What you’ll notice from the outset of the issue is a risk the writing team of superstars Gail Simone (Batgirl, Secret Six) and Jim Zub (Samurai Jack) take by not just immediately dropping Red Sonja and Conan into mega-fight scenes. The opening of this series is really a heist story as the two are unknowingly both hired by an insidious figure known as Manus –Drath to steal a valuable treasure from the royals of Koth. Our conquerors get a bit more than they bargained for as they’re set up to be the only standing between us and Bloodroot covered dead Earth. By the time you reach the first issue’s end the twist feels a little predictable but doesn’t diminish the enjoyment.

conanrs1p2 200x300 Review: Red Sonja and Conan Together Again For The First Time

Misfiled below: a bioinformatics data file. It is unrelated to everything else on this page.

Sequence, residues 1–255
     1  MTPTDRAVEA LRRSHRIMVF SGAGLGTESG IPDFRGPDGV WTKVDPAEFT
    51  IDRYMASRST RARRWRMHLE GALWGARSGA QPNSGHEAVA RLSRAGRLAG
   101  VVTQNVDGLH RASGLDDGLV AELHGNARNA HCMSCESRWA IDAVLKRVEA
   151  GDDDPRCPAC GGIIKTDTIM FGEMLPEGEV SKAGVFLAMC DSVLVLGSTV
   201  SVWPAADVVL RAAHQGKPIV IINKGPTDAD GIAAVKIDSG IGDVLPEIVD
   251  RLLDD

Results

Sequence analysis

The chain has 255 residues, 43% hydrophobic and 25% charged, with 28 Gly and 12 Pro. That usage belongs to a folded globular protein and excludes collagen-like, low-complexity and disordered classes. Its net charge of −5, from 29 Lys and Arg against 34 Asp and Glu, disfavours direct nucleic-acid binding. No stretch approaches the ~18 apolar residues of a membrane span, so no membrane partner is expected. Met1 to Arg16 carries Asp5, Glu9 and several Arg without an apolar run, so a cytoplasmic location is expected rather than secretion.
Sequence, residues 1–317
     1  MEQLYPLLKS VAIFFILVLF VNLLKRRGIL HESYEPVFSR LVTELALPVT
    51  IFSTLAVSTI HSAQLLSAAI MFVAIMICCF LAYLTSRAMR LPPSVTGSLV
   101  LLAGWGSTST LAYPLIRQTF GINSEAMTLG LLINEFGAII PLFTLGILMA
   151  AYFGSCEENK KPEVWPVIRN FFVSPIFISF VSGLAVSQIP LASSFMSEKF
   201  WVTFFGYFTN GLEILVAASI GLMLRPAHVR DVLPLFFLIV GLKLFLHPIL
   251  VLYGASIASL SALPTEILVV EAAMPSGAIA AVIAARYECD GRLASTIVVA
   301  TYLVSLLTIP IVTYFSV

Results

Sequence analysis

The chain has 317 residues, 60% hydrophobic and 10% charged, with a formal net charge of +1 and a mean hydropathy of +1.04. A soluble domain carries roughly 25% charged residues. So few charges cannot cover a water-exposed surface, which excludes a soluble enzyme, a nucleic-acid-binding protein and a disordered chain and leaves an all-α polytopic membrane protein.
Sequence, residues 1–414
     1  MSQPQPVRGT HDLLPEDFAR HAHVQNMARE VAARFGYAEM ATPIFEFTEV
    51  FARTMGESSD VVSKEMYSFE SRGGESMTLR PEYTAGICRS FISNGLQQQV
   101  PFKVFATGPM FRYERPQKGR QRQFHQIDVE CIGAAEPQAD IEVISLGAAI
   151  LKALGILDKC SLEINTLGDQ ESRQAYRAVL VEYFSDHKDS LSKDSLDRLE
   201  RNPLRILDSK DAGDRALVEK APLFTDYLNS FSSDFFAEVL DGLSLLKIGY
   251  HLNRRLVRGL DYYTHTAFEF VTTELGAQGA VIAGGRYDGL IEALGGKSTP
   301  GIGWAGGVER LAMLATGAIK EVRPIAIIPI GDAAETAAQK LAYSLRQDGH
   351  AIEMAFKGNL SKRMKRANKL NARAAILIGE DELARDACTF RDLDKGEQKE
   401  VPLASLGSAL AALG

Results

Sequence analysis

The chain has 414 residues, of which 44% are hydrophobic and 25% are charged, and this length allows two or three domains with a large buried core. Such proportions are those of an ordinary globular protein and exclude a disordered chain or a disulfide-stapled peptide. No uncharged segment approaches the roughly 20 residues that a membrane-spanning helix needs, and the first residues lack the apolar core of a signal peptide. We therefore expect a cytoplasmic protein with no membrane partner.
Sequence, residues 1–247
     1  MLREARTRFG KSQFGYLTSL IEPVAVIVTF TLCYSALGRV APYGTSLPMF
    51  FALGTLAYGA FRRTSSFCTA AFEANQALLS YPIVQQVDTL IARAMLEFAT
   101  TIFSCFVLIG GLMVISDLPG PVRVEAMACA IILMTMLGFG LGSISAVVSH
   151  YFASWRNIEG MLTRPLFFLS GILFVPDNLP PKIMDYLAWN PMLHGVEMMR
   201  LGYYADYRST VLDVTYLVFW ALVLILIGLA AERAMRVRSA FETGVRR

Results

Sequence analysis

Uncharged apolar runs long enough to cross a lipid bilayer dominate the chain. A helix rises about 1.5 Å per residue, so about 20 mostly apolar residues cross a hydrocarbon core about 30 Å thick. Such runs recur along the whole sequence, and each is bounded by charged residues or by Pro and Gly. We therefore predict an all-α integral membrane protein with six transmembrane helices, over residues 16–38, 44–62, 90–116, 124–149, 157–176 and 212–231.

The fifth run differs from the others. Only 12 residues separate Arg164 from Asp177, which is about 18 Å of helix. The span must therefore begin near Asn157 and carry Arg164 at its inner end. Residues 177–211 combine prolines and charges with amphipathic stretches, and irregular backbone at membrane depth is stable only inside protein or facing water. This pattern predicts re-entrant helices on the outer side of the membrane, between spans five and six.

Fans who expect a certain level of savagery from characters whose battle skills are almost mythological won’t be disappointed. As with any team-up, readers will get all the slashing and hard-hitting melee you’d expect. Including a fight between the characters that can best be described as sensual. It’s just that the violence feels like a character reward for the story more than just being shoehorned in. More books could do well in following Simone and Zub’s lead in this manner.

A pair of high caliber writers need an artist who can bring the primal nature of these characters out in a way makes them feel anything but simple. Joining Simone and Zub is the urban barbarian himself Dan Panosian (X-Men, Thor). Upon first glance there’s such a unique neanderthal surface to his work in these pages. As you keep reading you’ll notice all the emotion underneath the savagery. Eyes, expression, and body gesture all click together as accents in his panel work. Colorist, Dave Stewart’s work is just as vital in the book. The warm pallet he uses makes the pop stand out in the battle scenes it needs to and unifies the flow of art with story making it one of the smoothest reads of the week if not the year.